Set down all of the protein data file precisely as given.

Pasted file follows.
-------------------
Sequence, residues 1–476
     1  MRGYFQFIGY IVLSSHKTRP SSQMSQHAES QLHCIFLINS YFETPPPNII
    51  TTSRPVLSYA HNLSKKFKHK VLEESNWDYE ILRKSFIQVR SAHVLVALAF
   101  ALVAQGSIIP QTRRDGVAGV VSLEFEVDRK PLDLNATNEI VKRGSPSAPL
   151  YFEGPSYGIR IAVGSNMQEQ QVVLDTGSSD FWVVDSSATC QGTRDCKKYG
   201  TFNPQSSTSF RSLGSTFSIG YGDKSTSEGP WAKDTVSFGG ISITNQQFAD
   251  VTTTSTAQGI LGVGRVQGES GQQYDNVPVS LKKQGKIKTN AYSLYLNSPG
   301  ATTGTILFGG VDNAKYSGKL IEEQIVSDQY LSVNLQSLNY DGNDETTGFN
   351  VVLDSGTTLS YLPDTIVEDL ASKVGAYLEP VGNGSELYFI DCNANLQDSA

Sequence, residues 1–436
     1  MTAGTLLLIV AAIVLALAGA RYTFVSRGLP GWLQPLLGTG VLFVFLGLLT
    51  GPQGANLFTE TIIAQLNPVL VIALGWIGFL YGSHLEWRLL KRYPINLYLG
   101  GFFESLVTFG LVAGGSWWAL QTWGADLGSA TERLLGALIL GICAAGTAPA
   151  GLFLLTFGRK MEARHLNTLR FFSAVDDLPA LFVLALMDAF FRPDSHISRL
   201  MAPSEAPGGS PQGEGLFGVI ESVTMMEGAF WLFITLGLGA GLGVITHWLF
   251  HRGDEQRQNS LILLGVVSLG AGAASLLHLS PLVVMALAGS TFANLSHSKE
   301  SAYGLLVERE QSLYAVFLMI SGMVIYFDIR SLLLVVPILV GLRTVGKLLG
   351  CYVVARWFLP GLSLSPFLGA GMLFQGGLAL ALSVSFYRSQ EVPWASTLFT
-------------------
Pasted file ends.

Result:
Sequence, residues 1–476
     1  MRGYFQFIGY IVLSSHKTRP SSQMSQHAES QLHCIFLINS YFETPPPNII
    51  TTSRPVLSYA HNLSKKFKHK VLEESNWDYE ILRKSFIQVR SAHVLVALAF
   101  ALVAQGSIIP QTRRDGVAGV VSLEFEVDRK PLDLNATNEI VKRGSPSAPL
   151  YFEGPSYGIR IAVGSNMQEQ QVVLDTGSSD FWVVDSSATC QGTRDCKKYG
   201  TFNPQSSTSF RSLGSTFSIG YGDKSTSEGP WAKDTVSFGG ISITNQQFAD
   251  VTTTSTAQGI LGVGRVQGES GQQYDNVPVS LKKQGKIKTN AYSLYLNSPG
   301  ATTGTILFGG VDNAKYSGKL IEEQIVSDQY LSVNLQSLNY DGNDETTGFN
   351  VVLDSGTTLS YLPDTIVEDL ASKVGAYLEP VGNGSELYFI DCNANLQDSA

Sequence, residues 1–436
     1  MTAGTLLLIV AAIVLALAGA RYTFVSRGLP GWLQPLLGTG VLFVFLGLLT
    51  GPQGANLFTE TIIAQLNPVL VIALGWIGFL YGSHLEWRLL KRYPINLYLG
   101  GFFESLVTFG LVAGGSWWAL QTWGADLGSA TERLLGALIL GICAAGTAPA
   151  GLFLLTFGRK MEARHLNTLR FFSAVDDLPA LFVLALMDAF FRPDSHISRL
   201  MAPSEAPGGS PQGEGLFGVI ESVTMMEGAF WLFITLGLGA GLGVITHWLF
   251  HRGDEQRQNS LILLGVVSLG AGAASLLHLS PLVVMALAGS TFANLSHSKE
   301  SAYGLLVERE QSLYAVFLMI SGMVIYFDIR SLLLVVPILV GLRTVGKLLG
   351  CYVVARWFLP GLSLSPFLGA GMLFQGGLAL ALSVSFYRSQ EVPWASTLFT